The best movie I saw at MdFF, perhaps unsurprisingly, was Vagabond, which upon review seems easily one of the greatest films of the 1980s—funny and unsentimental and unfathomably sad. Watching the conclusion, in which Sandrine Bonnaire’s exhausted drifter sinks down in a vineyard ditch and gives up the ghost, there to die of exposure as already preordained by the film’s Citizen Kane–esque inquest-and-flashback structure, I thought of some lines from François Mauriac’s 1923 novel Génitrix which have always troubled me: “There was no tear-stained face for her to leave behind, nothing to mark for her this slipping into the shadows. She died quietly, as those who are unloved.”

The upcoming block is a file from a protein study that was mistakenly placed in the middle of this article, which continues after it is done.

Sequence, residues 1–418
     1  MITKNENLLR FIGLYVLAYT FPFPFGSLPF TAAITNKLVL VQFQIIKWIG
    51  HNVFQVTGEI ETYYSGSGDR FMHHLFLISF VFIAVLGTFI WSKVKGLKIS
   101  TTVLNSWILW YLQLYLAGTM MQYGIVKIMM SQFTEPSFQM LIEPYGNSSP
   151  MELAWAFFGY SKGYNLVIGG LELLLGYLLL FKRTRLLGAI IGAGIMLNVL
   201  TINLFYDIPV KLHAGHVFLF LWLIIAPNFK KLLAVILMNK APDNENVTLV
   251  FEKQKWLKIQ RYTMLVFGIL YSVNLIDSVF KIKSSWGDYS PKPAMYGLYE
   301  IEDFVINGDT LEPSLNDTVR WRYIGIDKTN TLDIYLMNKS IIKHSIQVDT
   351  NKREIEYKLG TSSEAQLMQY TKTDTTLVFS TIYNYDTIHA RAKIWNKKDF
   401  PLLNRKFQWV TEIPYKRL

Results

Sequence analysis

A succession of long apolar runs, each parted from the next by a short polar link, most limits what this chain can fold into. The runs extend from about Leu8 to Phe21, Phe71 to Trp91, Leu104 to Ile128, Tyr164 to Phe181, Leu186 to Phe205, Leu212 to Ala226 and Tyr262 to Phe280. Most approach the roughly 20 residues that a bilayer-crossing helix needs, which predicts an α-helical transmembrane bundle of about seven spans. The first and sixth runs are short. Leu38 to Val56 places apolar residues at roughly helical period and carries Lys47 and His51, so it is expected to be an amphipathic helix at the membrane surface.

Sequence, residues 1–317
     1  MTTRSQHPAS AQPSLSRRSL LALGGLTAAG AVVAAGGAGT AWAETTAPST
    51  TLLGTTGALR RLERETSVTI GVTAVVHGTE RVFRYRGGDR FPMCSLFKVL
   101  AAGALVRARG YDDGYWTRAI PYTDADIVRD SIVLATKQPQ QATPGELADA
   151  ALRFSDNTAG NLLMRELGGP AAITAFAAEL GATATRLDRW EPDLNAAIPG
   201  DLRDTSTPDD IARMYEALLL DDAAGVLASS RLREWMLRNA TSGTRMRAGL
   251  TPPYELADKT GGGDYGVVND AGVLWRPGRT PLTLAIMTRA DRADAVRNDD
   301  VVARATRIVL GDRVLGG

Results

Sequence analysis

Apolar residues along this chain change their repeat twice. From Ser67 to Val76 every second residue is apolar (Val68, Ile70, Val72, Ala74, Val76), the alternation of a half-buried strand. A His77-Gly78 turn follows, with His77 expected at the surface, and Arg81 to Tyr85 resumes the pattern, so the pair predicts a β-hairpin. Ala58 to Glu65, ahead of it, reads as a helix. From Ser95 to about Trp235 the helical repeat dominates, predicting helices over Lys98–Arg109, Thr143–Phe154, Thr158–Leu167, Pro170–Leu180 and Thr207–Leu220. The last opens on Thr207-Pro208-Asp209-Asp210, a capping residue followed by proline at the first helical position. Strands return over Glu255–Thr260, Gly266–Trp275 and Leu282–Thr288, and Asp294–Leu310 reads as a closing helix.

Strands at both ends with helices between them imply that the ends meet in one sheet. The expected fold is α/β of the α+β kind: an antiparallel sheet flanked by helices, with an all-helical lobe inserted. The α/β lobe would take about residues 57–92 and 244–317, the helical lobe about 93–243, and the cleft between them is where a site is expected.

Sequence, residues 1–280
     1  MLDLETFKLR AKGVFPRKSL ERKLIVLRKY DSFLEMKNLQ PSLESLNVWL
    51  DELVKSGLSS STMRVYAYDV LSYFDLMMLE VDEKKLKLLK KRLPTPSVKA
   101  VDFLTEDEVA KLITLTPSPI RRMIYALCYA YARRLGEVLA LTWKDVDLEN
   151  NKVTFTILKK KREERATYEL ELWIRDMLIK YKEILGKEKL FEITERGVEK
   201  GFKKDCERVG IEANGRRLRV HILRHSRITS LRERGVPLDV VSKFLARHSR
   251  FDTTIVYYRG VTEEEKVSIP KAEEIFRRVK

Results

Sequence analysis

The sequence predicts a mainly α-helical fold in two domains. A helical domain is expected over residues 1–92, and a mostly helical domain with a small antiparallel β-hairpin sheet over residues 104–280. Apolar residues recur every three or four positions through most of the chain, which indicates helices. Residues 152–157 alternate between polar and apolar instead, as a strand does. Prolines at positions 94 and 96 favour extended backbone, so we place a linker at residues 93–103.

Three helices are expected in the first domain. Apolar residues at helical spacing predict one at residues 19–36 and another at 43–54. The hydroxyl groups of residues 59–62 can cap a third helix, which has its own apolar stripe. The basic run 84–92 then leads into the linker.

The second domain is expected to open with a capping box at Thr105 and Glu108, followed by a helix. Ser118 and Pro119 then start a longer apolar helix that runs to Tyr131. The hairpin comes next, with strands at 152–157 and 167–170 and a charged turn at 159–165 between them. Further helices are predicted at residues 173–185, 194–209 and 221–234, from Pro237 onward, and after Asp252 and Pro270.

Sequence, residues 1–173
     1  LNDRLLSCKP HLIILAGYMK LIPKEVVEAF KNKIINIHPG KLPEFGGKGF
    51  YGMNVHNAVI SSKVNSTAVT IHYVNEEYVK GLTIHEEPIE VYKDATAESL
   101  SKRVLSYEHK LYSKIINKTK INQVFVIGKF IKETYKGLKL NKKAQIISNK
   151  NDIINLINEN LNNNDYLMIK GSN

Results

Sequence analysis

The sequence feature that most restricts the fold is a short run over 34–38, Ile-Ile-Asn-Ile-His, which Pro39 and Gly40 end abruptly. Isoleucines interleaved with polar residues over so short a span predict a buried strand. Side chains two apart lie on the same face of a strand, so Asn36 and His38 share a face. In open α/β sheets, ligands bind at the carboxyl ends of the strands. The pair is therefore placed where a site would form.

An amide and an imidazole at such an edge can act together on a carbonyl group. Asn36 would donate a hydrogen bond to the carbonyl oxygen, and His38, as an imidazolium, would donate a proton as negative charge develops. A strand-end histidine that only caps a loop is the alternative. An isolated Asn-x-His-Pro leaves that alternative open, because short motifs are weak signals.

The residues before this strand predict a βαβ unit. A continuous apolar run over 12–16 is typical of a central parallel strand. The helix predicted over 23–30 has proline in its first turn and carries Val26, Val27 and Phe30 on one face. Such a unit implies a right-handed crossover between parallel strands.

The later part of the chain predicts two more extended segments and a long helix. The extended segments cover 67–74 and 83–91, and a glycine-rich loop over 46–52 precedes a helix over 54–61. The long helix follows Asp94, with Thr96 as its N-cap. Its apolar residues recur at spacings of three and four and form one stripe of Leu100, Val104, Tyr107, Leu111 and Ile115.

No less tough, if lacking Vagabond’s occasional leavening cloud breaks, is Werewolf (2016), the feature debut of Ashley McKenzie shot in the director’s hometown of Cape Breton in the northeast reaches of Nova Scotia, a scenic summer destination which also enjoys Canada’s highest unemployment rate and an out-of-control opiate epidemic. Andrew Gillis and Breagh MacNeil, two of the most translucently pale Caucasians I’ve ever seen, costar as ex-addicts whose tab at the methadone clinic is hardly covered by their door-to-door lawn-mowing service. The movie is distinguished by McKenzie’s almost monomaniacal head-down focus on minutiae, her attempt to tell a story through a collection of process-based sequences—the daily routine at the clinic gradually gives way to the MacNeil character’s job at a soft-serve ice-cream place, broken down into the component parts of a crap job, with the rumble of hand-grinding Oreo cookie bits taking on a particularly ominous quality.